Recent Developments in Runoff Reduction & International Storm Water BMP Database

Feb. 25, 2022

The 2022 SWS Webinar Series continues on February 24 at 1 p.m. CT. 

Register here | February 24 | 1 p.m. CT 

This webinar will present new developments related to runoff reduction and findings from the International Stormwater Best Management Practices Database (BMP Database). While runoff reduction through disconnecting impervious area to drain to receiving pervious areas (RPAs) has long been a recommended practice across the United States to promote infiltration and lengthen the hydrologic response time of a watershed as it develops; however, the lack of methods to quantify runoff reduction from stormwater control measures such as grass swales and buffers, has often led to these practices being overlooked.

In reality, grass buffers, swales and other RPAs (any vegetated or highly pervious areas that are wetted by runoff from impervious areas in the water quality event) are critical components of the treatment train approach to runoff, and when quantified, can play an important part in meeting regulatory requirements for runoff reduction and water quality treatment. Recent work by the Mile High Flood District (MHFD) to update stormwater quality criteria has placed an emphasis on these important runoff reduction practices and provided new methods for quantification.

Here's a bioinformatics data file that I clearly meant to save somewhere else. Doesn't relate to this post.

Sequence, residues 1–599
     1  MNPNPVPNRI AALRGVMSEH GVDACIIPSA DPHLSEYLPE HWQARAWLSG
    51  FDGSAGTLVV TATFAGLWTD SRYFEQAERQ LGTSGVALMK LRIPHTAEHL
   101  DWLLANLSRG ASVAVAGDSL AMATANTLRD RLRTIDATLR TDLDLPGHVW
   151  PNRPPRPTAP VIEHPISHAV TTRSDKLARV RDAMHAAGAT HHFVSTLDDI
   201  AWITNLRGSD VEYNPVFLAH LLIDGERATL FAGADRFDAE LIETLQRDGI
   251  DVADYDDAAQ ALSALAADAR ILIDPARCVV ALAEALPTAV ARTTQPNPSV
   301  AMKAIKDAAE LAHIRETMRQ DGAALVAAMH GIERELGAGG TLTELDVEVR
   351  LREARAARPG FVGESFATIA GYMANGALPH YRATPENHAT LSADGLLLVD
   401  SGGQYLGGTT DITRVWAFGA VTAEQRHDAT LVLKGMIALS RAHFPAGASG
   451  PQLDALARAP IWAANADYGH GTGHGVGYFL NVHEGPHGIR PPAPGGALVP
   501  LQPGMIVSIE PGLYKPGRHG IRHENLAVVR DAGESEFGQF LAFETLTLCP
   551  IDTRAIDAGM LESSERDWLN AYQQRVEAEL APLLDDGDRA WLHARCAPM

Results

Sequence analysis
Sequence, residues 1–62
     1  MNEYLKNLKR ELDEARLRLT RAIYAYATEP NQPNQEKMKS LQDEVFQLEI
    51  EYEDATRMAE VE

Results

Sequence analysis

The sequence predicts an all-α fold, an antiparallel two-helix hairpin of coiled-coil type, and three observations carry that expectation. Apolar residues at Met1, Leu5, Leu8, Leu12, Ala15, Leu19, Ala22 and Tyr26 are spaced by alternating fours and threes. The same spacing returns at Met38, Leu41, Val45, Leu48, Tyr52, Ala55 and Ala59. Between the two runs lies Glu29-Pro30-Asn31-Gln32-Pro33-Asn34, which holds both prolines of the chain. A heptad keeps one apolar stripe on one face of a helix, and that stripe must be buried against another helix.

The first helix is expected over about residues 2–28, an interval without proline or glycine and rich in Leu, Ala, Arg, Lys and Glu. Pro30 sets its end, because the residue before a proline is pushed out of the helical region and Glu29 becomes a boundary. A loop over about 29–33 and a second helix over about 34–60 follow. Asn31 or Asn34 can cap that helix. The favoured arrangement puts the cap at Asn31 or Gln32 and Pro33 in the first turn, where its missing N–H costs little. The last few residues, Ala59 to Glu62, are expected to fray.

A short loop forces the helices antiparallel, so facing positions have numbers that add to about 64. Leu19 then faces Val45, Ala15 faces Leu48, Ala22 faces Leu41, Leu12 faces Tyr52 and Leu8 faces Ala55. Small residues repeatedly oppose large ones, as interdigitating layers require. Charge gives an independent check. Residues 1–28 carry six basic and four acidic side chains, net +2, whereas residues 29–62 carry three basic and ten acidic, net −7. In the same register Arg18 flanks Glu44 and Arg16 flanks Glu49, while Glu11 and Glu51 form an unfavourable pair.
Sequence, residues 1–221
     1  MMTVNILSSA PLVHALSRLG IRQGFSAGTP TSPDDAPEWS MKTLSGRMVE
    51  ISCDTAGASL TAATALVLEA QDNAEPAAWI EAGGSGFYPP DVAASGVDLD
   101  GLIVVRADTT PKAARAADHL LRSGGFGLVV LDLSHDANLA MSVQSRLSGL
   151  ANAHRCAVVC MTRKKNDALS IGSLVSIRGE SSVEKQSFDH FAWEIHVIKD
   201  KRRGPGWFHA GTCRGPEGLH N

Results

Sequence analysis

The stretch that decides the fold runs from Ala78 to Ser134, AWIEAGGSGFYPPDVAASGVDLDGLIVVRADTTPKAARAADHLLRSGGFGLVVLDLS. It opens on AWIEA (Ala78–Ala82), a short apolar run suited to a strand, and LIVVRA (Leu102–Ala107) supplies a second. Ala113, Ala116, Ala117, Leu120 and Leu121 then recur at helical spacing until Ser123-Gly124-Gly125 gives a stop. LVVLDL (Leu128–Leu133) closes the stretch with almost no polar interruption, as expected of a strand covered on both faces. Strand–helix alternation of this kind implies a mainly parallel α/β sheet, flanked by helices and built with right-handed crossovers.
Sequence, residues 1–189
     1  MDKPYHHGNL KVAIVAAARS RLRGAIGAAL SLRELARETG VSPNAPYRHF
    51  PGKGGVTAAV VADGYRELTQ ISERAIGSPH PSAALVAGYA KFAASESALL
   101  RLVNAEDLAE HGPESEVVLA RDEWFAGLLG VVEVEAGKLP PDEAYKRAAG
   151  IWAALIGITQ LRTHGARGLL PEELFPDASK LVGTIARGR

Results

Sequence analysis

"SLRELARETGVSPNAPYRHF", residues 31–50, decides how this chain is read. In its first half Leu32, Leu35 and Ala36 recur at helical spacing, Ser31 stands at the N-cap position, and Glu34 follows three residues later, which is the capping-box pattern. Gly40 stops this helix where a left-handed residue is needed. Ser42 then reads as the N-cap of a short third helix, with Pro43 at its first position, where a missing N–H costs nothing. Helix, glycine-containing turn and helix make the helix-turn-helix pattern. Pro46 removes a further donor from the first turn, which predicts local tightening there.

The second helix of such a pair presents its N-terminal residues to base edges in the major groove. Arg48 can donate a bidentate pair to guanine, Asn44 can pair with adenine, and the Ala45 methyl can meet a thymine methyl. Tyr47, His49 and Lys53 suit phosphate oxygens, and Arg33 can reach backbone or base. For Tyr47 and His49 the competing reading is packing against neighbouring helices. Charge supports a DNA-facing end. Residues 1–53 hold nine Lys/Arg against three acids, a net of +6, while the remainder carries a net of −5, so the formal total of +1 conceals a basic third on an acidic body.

In addition to highlighting the role of RPAs in runoff reduction, this presentation will also provide an update on some of the latest stormwater control measure (SCM/BMP) performance analysis from the BMP Database, with particular emphasis on nutrients and fecal indicator bacteria. The presentation will also briefly highlight some recent additions to the overall BMP Database project related to stream restoration, agricultural BMPs, and cost data.


Andrew Earles

Vice President of Water Resources; Wright Water Engineers, Inc.

Dr. Andrew Earles is the Vice President of Water Resources at Wright Water Engineers, Inc., where he has worked for over 22 years. Andrew is a Professional Hydrologist and registered Professional Engineer in multiple states. Andrew has worked with the Mile High Flood District in Denver on projects related to stormwater management and drainage criteria since the early 2000’s and has developed stormwater criteria manuals throughout Colorado and the western United States. Andrew earned his bachelor’s degree in engineering from Stanford University and master’s and doctoral degrees from the University of Virginia.

Jane Clary

Vice President and Principal Water Resources Scientist; Wright Water Engineers, Inc.

Jane Clary is a Vice President and Principal Water Resources Scientist with Wright Water Engineers in Denver, where she has focused on water quality issues, stormwater, watershed management and water conservation for 28 years. Over the past 20 years, Jane has helped develop and manage the International Stormwater Best Management Practices (BMP) Database (, which includes both conventional and green infrastructure stormwater management practices. Jane holds a B.S. in Economics from Vanderbilt University and an M.S. in Environmental Science from the University of Colorado.

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